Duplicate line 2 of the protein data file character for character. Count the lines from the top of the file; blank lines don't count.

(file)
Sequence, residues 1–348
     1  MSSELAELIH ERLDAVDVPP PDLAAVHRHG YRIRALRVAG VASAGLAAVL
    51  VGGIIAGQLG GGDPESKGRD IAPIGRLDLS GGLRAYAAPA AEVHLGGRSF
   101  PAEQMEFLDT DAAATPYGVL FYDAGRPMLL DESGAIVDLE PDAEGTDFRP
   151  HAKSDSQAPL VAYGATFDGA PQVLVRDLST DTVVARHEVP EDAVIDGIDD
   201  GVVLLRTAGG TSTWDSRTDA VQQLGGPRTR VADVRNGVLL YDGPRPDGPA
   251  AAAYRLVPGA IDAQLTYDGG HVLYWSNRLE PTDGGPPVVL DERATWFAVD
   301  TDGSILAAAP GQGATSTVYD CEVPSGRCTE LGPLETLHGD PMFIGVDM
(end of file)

     1  MSSELAELIH ERLDAVDVPP PDLAAVHRHG YRIRALRVAG VASAGLAAVL